Pettibone stands 6’5” with a strong frame but he’s not a fire-baller. His fastball works in the 88-92 mph range and his second-best offering is a changeup. He also throws a slider with above-average potential. Pettibone has solid command and above-average control.
The right-hander doesn’t have a huge ceiling but he’s durable and could provide a ton of innings as a No. 4 starter at the big league level. His high ground-ball rates help to compensate for his lack of a strikeout pitch. Pettibone should open 2013 in triple-A but he has a solid shot at pitching in the majors when injuries strike the veteran starting rotation.
Asche is the first of two intriguing third base prospects in the system. A fourth rounder out of the University of Nebraska in 2011, the prospect hit below .200 with little pop during his pro debut. Even so, he earned an opening day assignment to high-A ball last year and reached double-A in the second half of the year. Defensively, he’s solid but unspectacular with a good arm and average range.
Asche, 22, has a solid left-handed stroke and good bat speed. He doesn’t generate a ton of pop and has average-at-best power potential for a third baseman. He’s also too aggressive at the plate but he produces decent contact rates. After a solid performance in the Arizona Fall League, Asche is probably ready for triple-A with an eye towards taking over the hot corner for the Phillies in 2014.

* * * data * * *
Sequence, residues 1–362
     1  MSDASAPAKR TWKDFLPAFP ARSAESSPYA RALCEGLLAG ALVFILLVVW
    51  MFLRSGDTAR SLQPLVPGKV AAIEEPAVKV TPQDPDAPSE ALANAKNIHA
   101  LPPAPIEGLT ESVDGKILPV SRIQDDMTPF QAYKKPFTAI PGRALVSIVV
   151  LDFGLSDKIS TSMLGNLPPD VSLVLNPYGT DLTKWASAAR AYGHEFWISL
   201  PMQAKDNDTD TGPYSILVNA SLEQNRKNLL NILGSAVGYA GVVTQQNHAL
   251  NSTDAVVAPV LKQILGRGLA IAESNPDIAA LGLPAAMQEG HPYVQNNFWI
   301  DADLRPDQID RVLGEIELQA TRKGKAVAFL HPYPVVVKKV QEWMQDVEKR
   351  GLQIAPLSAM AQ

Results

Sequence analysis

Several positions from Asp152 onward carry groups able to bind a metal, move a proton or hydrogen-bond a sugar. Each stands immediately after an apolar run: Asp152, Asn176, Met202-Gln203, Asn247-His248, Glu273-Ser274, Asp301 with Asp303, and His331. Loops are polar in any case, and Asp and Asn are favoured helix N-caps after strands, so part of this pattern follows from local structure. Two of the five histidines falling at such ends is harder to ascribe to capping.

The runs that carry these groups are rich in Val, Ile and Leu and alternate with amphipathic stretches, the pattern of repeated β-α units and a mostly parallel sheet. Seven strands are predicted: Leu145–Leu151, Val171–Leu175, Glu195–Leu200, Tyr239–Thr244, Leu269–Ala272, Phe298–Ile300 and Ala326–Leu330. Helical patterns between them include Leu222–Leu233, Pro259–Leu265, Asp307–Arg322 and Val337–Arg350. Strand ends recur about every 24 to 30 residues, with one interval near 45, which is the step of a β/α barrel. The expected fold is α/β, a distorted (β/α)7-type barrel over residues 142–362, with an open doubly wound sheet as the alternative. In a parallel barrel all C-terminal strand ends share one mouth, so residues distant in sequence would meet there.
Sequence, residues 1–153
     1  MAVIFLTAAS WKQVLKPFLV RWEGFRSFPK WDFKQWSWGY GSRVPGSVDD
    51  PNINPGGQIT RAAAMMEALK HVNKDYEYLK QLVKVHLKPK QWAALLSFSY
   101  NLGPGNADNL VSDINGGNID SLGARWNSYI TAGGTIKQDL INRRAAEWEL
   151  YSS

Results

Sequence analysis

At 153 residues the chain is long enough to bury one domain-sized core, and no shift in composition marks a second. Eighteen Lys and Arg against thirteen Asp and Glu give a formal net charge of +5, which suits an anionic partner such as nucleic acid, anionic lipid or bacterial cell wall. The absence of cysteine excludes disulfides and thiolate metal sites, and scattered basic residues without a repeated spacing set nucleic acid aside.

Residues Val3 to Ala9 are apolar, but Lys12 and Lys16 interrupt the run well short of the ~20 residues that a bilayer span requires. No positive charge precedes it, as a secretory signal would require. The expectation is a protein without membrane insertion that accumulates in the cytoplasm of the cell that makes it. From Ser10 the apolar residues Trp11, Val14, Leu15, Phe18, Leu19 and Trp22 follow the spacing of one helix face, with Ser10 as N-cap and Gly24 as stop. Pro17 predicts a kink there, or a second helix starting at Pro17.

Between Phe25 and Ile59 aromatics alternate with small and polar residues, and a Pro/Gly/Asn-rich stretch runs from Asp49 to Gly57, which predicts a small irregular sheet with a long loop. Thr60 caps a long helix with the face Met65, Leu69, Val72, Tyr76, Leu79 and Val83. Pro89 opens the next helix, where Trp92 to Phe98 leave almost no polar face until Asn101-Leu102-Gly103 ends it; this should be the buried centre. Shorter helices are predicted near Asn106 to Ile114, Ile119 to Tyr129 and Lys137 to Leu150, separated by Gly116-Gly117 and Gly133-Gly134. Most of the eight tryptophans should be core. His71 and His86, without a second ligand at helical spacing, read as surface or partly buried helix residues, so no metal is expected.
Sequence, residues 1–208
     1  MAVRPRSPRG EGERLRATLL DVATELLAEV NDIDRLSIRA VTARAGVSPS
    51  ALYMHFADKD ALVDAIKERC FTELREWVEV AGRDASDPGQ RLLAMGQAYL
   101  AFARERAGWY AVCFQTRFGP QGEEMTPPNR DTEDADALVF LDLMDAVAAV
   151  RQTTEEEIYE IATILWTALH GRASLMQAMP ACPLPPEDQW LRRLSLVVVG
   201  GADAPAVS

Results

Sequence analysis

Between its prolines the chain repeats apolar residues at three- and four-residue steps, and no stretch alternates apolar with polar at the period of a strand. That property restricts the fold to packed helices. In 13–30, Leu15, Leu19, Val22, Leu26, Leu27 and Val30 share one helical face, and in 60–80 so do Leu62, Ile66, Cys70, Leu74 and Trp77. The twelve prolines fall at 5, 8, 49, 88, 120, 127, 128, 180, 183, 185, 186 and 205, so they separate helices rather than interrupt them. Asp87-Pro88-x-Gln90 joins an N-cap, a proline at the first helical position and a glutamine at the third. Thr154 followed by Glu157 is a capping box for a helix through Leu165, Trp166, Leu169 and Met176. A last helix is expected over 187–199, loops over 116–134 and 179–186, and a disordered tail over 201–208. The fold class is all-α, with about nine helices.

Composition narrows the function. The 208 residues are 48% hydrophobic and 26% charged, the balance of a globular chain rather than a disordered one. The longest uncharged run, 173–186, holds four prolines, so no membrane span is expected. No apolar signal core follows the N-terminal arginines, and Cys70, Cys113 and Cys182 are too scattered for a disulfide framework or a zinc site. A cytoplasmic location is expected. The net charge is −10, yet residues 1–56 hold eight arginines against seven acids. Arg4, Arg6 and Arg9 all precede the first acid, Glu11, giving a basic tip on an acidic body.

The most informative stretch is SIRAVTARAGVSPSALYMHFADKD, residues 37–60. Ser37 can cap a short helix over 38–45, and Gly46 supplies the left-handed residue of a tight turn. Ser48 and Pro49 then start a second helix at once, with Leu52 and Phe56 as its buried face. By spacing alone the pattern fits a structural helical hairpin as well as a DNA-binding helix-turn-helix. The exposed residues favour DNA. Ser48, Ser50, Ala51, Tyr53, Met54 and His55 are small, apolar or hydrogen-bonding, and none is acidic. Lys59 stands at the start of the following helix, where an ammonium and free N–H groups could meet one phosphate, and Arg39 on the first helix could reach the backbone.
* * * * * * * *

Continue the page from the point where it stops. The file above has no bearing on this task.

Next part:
Franco, 20, is two levels behind Cody Asche but the Dominican Republic native has a higher ceiling. The batter has impressive right-handed power potential, although he gets too pull happy at times and struggles with breaking balls. He also needs to be more selective.
Defensively, Franco has a powerful arm and handles everything hit to him, but he has modest range thanks to his questionable body and well-below-average foot speed. It’s possible that his body could soften up too much as he ages, forcing him across the diamond to first base. Franco will move up to high-A in 2013. He has his fair share of warts, but the corner infielder is very young and could eventually blow past Asche as the third baseman of the future.
A former San Francisco Giants draft pick, Joseph came to the Philly’s organization in the Hunter Pence deal from last season. An offensive-minded backstop, he had a modest season with the bat at the double-A level in 2012 while splitting the year between the two organizations. Joseph has an aggressive approach at the plate that works against him at times and leads to low on-base rates. He could see his power numbers increase if he waits for better pitches to drive and gets into more favorable pitch counts. His has plus raw power.